To speak clearly, we need the muscles in our vocal cords, diaphragm, tongue, and lips to work in unison. When the brain cannot control these muscles properly, a person has trouble speaking and making himself understood. This condition is dysarthria, a motor speech disorder that affects respiration, airflow direction, laryngeal function, articulation, and phonation.
Depending on the muscles involved, dysarthria can make people speak in a flat, hoarse voice, loudly, quietly, or with jerky inflections. Sometimes people mumble or must strain to speak. They may slur their speech or speak too slowly or fast. When dysarthria affects the muscles of the lips and the tongue, the condition can interfere with swallowing and chewing and cause drooling, as well. These symptoms can make people with dysarthria harder to understand. In some cases, they can only use single words or short phrases, and their speech may be completely unintelligible at times.
Dysarthria interferes with the brain and nervous system's ability to control the muscles used for speech. If the damage occurs at or before birth, as it does for babies with cerebral palsy, this qualifies as developmental dysarthria. When the damage occurs later in life because of a stroke, brain tumor, head injury, or progressive condition, doctors diagnose acquired dysarthria. Developmental dysarthria is the more common of the two.
A speech-language pathologist (SLP) can diagnose dysarthria. The consultation generally involves background medical information, such as any diseases a patient have that could affect speech. The SLP will have the individual perform a series of simple tests to assess the strength of the speech muscles; the practitioner may record the patient sticking out her tongue, making specific noises, reading aloud, discussing specific topics, counting, singing, and blowing out a candle.
Dysarthria can be classified into several categories based on the cause.
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SLPs are limited in terms of the treatment they can provide for dysarthria. Treatment focuses on improving the patient's ability to talk, finding alternative ways to communicate, and helping both the affected individual and people close to them adapt. The SLP may encourage slowing down speech or exercises to improve speech clarity. She will use a variety of communication aids such as alphabet boards, charts, books, amplifiers, apps, and computerized voice output systems. In any case, there’s no guarantee that therapies with an SLP will help or resolve the issue. Results will depend on the location and extent of the damage and any underlying conditions.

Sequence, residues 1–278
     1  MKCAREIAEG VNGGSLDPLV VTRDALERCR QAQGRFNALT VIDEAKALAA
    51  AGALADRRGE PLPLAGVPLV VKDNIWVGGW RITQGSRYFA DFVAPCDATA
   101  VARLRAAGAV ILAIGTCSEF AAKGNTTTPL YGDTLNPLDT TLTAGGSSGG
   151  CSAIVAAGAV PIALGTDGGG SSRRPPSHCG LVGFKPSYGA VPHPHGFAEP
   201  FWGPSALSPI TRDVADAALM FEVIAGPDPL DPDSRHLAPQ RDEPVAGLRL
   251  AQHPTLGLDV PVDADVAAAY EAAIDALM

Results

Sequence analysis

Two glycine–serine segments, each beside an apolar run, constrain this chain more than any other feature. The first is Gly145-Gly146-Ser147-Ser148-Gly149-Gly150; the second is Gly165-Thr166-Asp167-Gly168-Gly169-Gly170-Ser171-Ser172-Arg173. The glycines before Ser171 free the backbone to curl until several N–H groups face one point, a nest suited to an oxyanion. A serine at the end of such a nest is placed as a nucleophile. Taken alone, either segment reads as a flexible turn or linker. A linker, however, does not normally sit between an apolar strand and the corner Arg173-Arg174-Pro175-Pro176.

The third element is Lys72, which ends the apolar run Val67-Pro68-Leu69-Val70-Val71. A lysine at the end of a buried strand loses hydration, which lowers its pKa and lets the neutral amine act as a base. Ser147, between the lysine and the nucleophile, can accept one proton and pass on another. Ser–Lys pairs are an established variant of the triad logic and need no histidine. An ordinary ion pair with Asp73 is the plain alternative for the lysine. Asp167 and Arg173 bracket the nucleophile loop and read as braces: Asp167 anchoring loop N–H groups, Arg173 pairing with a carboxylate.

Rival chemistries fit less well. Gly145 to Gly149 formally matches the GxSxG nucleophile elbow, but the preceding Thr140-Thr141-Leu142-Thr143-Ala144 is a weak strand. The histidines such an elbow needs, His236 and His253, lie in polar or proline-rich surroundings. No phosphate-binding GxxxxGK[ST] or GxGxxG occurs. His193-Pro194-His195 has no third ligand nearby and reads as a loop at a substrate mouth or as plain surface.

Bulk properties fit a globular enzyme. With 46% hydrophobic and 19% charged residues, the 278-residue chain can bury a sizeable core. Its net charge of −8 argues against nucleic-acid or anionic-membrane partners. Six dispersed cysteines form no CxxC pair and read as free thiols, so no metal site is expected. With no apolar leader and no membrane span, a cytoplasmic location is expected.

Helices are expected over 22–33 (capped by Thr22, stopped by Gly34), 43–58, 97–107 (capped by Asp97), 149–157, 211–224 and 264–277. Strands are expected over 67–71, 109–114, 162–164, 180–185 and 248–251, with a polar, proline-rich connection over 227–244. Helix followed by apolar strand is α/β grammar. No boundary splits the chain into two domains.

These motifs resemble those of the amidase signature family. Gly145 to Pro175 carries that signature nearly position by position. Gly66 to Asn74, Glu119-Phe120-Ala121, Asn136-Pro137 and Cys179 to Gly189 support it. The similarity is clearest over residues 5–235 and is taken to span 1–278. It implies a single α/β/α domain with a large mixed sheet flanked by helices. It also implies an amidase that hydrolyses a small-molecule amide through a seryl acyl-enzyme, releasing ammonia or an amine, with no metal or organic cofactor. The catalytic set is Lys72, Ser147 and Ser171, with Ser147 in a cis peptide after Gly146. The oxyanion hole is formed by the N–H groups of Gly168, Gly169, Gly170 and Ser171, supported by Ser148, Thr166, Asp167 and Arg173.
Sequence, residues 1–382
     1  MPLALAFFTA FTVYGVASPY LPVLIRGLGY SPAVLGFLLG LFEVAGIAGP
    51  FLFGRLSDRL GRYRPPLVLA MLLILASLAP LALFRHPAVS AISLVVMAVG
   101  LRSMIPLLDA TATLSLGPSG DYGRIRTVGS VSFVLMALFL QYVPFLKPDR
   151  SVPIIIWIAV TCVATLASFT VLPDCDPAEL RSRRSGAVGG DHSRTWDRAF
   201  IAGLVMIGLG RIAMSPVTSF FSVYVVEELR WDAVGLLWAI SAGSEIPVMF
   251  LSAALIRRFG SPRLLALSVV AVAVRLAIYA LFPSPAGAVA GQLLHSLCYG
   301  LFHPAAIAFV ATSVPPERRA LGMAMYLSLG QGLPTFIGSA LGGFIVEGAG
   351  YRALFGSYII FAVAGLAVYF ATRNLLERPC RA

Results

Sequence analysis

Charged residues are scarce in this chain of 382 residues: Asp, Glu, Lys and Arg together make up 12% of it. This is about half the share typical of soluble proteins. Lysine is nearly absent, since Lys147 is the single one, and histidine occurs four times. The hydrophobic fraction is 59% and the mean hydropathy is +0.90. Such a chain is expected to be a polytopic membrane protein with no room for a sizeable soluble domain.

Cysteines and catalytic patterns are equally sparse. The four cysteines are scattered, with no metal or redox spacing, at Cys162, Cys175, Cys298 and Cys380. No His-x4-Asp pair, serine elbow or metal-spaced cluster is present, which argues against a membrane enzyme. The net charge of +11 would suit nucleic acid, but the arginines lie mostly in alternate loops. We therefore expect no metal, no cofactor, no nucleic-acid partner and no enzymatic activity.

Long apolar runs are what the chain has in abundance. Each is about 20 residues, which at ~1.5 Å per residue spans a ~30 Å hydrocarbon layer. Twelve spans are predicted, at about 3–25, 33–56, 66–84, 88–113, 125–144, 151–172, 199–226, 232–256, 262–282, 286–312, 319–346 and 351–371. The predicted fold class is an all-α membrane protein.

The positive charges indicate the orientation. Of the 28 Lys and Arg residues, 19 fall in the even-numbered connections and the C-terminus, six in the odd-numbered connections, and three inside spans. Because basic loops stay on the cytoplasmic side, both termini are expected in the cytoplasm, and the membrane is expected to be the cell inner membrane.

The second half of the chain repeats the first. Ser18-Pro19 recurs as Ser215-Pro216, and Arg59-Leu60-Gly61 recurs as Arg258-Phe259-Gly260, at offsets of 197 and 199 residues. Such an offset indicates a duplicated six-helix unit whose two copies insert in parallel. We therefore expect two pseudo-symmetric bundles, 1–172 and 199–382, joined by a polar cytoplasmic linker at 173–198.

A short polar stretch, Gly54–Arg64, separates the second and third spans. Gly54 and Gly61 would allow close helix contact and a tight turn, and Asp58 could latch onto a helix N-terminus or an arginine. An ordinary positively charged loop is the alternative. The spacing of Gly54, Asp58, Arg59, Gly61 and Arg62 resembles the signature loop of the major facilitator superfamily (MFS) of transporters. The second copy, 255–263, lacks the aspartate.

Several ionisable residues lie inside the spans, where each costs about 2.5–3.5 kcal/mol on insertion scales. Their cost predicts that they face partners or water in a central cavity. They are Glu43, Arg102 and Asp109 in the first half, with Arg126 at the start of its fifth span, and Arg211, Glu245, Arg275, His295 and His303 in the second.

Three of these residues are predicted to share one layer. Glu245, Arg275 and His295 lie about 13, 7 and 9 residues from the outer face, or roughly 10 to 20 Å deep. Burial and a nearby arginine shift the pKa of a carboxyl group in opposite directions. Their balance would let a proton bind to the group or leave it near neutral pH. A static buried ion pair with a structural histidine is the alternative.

People with dysarthria sometimes find it easier to get their point across if they get rid of background noise, take a deep breath, face the people they want to talk to, touch them or call their name, and then start with single words before saying an entire phrase. This signals to listeners that they need to pay attention. Speaking more slowly and adjusting the pitch of the voice can help make the message clearer. Focusing on important words, making facial expressions, and using hand gestures can also help listeners understand more easily. Pausing between topics also helps. When you have trouble getting across, try pointing, or writing down your phrases onto a notepad or smartphone.
To make it easier to understand a person with dysarthria, try to reduce distractions and background noise, maintain eye contact, allow them to finish their sentences, and don’t pressure them into hurrying up. If you don’t understand what they’re saying, don’t pretend as if you do. Try to ask simple, yes or no or leading questions, paraphrasing when necessary. It can be very frustrating for family and friends to take part in conversations with one or more people with dysarthria, but a speech pathologist can help.
People often associate verbal ability with intelligence, which can lead to people with dysarthria being assumed inarticulate or intellectually challenged. Dysarthria is a physical affliction -- it does not affect intelligence or the ability to understand or attribute meaning, though sometimes these issues can overlap. Speech is a part of everyday life, and having speech problems can affect social interaction, access to education, and even employment opportunities. Recognizing the symptoms, getting a diagnosis, and intervening early on can improve their quality of life for people with dysarthria.
Depending on what caused the dysarthria, long-term outcomes will vary. Symptoms can improve for people who have surgery to remove a brain tumor, for instance, but deteriorate for those with degenerative conditions. It is common for people with acquired dysarthria to develop dysphagia symptoms soon after, which makes it hard for them to swallow.
Living with dysarthria can be frustrating. It can be hard for people to make their point known, to command attention, or to demand respect because of the trouble they have articulating their thoughts and expressing their emotions. Accepting the condition and explaining it fully to friends and acquaintances can help everyone involved become more comfortable with the different ways in which they must communicate.
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